Louise Bourgeois' early work

»Drawings are thought feathers«

Louise Bourgeois is one of the most famous artists of the 20th century. Her large-format spider sculptures are particularly associated with her. However, the artist's early works are primarily drawings. These were psychologically and artistically essential for Bourgeois, which is why she drew them daily until the end of her life.

by Marius Meyer, July 26, 2022

When Louise Bourgeois (1911-2010) began to create her bronze spider sculptures, some of which were up to 9 metres high, in the mid-1990s, she was actually returning to her roots: a drawing of a spider, now privately owned, proves that Bourgeois used the animal as a symbol for her protective mother as early as 1947. She continues to fascinate the art world today with these deeply personal works: in June 2022, one of the large sculptures from 1996 was sold at Art Basel for 40 million US dollars. Louise Bourgeois explained the basis of her artistic work thus: »I do not forgive and I do not forget. That is the motto that feeds my work.«

Life in Paris

Louise Bourgeois was born in Paris in 1911 and was able to shine at an early age with her talent for drawing: Her parents ran a workshop for restoring old fabrics, for which Bourgeois made drawings as a child to fill in missing parts. Her life is marked by the humiliations inflicted by her father, contrasted by the close relationship with her protective mother. When her mother died in 1932, Bourgeois attempted suicide. She subsequently gave up her mathematics studies and turned to studying art instead.

There, she discovered surrealism and created drawings that were influenced by personal experiences. Throughout her life, Bourgeois will remain true to this process across all artistic media: » My works are the reconstruction of past events. The past has become tangible in them; but at the same time they are created in order to forget the past, to defeat it, to relive it and to make it possible for the past to be forgotten.«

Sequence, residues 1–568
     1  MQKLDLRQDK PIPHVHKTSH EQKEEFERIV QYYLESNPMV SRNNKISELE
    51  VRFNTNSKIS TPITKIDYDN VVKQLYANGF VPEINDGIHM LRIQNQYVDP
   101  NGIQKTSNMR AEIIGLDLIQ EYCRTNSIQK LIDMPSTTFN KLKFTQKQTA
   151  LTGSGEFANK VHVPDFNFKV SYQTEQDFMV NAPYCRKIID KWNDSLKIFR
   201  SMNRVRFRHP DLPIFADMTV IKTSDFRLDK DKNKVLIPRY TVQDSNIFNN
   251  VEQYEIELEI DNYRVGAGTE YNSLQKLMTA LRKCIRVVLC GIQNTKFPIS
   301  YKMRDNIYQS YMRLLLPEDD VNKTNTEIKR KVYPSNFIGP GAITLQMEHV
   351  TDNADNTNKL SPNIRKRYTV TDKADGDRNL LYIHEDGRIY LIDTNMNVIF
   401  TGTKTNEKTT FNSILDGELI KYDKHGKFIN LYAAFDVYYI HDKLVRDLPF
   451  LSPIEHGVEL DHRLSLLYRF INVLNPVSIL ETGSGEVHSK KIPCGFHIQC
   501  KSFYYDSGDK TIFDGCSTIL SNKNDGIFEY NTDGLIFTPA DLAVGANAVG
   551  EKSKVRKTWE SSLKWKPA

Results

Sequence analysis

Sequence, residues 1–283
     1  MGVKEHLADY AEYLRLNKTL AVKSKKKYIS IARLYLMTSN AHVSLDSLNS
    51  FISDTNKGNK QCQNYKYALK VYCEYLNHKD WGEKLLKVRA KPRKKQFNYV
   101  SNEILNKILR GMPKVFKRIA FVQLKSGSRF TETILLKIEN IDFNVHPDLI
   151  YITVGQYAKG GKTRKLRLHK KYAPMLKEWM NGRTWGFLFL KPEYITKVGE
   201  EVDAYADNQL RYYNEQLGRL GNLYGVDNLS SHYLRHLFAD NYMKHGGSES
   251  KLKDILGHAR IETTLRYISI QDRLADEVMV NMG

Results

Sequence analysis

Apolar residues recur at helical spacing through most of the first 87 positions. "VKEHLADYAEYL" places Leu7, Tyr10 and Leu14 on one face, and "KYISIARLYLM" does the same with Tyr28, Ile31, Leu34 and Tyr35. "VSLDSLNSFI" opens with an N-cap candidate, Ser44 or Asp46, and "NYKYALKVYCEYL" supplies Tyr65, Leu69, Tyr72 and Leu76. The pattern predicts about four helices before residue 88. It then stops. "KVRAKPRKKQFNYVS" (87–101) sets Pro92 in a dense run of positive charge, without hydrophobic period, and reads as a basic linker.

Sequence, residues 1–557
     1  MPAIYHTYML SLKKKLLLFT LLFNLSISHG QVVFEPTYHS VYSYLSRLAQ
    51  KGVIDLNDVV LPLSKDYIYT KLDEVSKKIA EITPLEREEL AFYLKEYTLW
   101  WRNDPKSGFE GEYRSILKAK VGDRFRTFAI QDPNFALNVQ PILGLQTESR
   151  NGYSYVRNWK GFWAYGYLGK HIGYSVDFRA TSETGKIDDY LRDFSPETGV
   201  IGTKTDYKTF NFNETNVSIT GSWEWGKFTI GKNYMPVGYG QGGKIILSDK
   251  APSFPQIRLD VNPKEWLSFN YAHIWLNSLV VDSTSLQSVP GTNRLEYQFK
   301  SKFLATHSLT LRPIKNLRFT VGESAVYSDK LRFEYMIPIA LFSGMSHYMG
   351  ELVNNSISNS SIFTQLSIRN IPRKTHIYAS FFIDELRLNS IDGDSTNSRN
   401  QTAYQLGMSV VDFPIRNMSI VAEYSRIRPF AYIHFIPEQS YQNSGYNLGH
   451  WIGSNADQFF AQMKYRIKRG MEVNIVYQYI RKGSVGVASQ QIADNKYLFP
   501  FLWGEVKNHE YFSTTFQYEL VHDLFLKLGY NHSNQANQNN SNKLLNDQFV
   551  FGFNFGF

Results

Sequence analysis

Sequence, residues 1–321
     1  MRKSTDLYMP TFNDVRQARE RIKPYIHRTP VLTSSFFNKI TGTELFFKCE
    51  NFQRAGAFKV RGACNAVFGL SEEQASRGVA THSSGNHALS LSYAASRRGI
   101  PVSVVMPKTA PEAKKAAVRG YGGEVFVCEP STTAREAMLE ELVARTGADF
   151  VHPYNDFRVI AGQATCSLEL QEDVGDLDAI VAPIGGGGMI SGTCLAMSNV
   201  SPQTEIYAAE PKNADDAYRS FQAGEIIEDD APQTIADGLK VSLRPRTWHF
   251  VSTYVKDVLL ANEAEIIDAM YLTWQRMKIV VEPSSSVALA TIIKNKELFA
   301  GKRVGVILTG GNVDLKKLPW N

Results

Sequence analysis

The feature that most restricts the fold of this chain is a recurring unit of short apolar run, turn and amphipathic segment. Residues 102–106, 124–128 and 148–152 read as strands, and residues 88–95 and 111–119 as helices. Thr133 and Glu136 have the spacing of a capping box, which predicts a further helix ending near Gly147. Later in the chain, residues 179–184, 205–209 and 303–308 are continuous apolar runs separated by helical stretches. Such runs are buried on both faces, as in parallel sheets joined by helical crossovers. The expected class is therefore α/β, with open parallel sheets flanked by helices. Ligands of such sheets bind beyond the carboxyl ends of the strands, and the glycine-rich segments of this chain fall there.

During her student days, Fernand Léger is said to have taken notice of Bourgeois and told her that she was a sculptor, not a painter. Bourgeois initially embarked on a career as an art dealer and met the art historian and her future husband Robert Goldwater. After their marriage in 1938, they moved to New York. Bourgeois' coming years were filled with raising her three sons and trying to establish herself as a painter in the metropolis, against Léger's advice.

Louise Bourgeois

„Femme Maison“.

Found at Grisebach
Auktionen 237-246 - Third Floor. Schätzwerte bis EUR 3.000, Lot 1369
Estimate: 2.500 - 3.000 EUR
Price realised: 3.625 EUR
Details

Early paintings in New York

»What surprised me was that people, even her supporters and friends of many years, weren’t familiar with the paintings in any great depth «, said curator Clare Davies of the exhibition Louise Bourgeois: Paintings 2022 at the Metropolitan Museum. It is the first presentation to focus on Bourgeois' paintings. They were created in the 1940s, before the artist finally became active as a sculptor from around 1950.

In the paintings, Bourgeois primarily thematised her move to New York and her new everyday life as a mother. The gloomy pictures of the series Femme Maison (1946/47) stand out in particular, where buildings merge with the arms, legs and genitals of women and become partly tortured living beings. Bourgeois expresses here her mixed feelings of perceiving her own home as a place of retreat and as a prison.

She felt similarly about the move, which put her at a distance from her father but also lost her contact with the rest of her family, who were now living in Nazi-occupied France. In a mixture of pencil drawing and oil painting, Bourgeois recorded this drastic experience in the self-portrait The Runaway Girl. This picture is one of 12 paintings that were shown in her first solo exhibition in 1945 at the Bertha Schaefer Gallery in New York. Bourgeois used a rather uncompromising visual language and dealt with psychological themes, which made her stand out in the scene, but she was unable to establish herself permanently. Later, the artist described it as fortunate for her creative work that she was able to work for herself at first and only later became known for what she saw as more artistically valuable sculptures. She discovered that with sculptural works she achieved a greater closeness to reality and better visualised emotions: »I could express much deeper things in three dimensions.«